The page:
In between one-liners about his new flowing locks -- "I'm trying to let it grow out, have some come out of my helmet so all the pretty girls can play with it sometimes" -- and jokes about why he won't settle for benching only 395 pounds -- "It's pretty impressive to put four plates on there; 395 is just enough to make a man mad, just 5 pounds, put a cookie on that thing, do that thing" -- there's a Kash Daniel who is quietly setting goals.
Each night, Daniel stares at the list hanging on the wall of his apartment, striving to be more than just a special teams or role player, as he was in his first season at Kentucky.
Among the goals the sophomore rattled off Thursday after practice: A 3.0 grade point average, squat 550 pounds, bench press 405, become stronger and faster.
And "start at (middle) linebacker and make a national name for myself."
It has become a recurring theme for Kentucky's backup middle linebackers.
Most outsiders might go ahead and write in returning starters Courtney Love and Jordan Jones at the inside linebacker spots, but in-state backups Daniel and Eli Brown are making their argument for a rewrite.
"Like I tell everybody, I'm not here to be a two," said Brown, a former Warren East standout. "I'm trying to be a one. The thing is, me and Jordan, it's no bad blood. We both know we want to work together. We want to make the team win, so whoever is gonna be on the field got to contribute and make the team win."
It's the same for Daniel, who played in all 13 games last season as a true freshman, with 19 tackles, most coming on special teams.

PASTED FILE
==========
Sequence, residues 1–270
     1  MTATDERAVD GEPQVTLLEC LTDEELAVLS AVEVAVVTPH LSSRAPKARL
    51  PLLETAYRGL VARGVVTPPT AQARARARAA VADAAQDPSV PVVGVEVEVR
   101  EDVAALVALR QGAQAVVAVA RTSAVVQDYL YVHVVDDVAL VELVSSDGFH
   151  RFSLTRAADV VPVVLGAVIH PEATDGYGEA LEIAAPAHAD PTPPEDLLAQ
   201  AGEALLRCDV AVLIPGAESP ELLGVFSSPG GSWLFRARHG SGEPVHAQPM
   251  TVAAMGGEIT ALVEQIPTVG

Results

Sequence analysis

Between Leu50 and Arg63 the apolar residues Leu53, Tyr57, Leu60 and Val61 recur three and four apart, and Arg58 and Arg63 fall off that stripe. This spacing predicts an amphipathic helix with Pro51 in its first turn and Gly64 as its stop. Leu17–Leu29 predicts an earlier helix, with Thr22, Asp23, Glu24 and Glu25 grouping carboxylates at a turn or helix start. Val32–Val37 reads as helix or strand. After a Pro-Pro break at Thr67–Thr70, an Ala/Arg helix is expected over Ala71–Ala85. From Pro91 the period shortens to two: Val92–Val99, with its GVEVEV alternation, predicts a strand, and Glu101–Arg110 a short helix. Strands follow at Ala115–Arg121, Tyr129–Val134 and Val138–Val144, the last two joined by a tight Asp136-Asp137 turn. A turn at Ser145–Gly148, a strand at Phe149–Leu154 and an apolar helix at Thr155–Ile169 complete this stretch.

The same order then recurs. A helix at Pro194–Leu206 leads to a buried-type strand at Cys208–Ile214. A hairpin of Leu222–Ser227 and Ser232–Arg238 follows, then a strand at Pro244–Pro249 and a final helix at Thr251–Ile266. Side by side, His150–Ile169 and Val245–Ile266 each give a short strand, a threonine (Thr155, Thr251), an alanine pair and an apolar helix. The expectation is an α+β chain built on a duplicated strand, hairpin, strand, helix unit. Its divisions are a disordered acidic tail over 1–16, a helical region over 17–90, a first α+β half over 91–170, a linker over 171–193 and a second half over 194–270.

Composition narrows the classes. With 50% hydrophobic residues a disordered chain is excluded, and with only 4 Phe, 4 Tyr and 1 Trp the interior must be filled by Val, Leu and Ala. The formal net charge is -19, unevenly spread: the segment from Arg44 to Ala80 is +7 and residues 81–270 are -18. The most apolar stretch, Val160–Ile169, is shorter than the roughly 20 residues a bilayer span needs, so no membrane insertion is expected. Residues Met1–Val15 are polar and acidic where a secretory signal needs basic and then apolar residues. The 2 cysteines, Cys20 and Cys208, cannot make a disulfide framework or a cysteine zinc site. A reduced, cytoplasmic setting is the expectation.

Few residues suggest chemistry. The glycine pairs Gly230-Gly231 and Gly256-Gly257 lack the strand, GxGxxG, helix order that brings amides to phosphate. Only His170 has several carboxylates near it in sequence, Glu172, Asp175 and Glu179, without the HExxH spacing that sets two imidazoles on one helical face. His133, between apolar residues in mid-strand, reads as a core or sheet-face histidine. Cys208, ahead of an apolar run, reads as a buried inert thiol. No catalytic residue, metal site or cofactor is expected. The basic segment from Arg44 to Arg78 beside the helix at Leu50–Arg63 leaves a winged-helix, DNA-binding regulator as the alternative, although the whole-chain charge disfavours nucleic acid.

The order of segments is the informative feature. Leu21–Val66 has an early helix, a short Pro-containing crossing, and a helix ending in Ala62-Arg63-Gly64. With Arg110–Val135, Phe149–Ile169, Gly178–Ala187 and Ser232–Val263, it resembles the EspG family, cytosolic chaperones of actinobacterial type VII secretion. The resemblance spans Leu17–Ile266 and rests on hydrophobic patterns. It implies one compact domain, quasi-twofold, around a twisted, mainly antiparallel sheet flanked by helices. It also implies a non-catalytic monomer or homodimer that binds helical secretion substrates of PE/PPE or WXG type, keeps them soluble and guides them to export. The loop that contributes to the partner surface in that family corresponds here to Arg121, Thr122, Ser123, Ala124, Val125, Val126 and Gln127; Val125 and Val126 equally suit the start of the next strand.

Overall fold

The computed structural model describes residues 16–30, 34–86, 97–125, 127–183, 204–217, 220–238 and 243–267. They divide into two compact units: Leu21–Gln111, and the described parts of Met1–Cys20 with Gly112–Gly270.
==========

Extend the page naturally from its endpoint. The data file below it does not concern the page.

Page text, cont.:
"You didn't sign a letter of intent to come here and be a backup for four years. That's a mentality you have to have."
That will mean beating out two guys who were first (Jones) and third (Love) on the team in tackles last season.
Daniel and Brown know those are tall tasks, but they're setting higher goals than being a solid backup. The competition is making everyone better, defensive coordinator Matt House said Thursday.
"It takes more than just your ones in this league," said House, who coaches the inside linebackers. "You're only as good as the second-team guys because they have to play in this league because of how physical it is. And on top of that, as I said before, competition brings the best out of all of us."
Players like Daniel, a former Paintsville star, are straining to get more playing time, working hard behind the scenes.
The goals on his apartment wall -- an idea he stole from a documentary he saw on NFL wide receiver Randy Moss -- remind him to do the little things to get better.
Extra bowl practices in December and spring practices have helped him improve.
"It's night and day just being here a full year, this being my second spring," Daniel said. "Being from fall to now, I can tell that difference a lot, and it shows on tape. I'm really looking forward to finishing out this spring and heading into fall camp."
Daniel goes back and watches film of himself at various stages. He has been studying scrimmage tape with fellow linebackers and taking notes of the changes he has seen in himself.
The game has slowed down for the middle linebacker. His lateral speed has improved, the way he takes on a block, his discipline with his eyes and his body.
All of this has led to compliments from coaches and teammates this spring about Daniel's growth.
"I know this sounds cliché, but he's playing the game," House said. "He's not just worried about running the defensive call."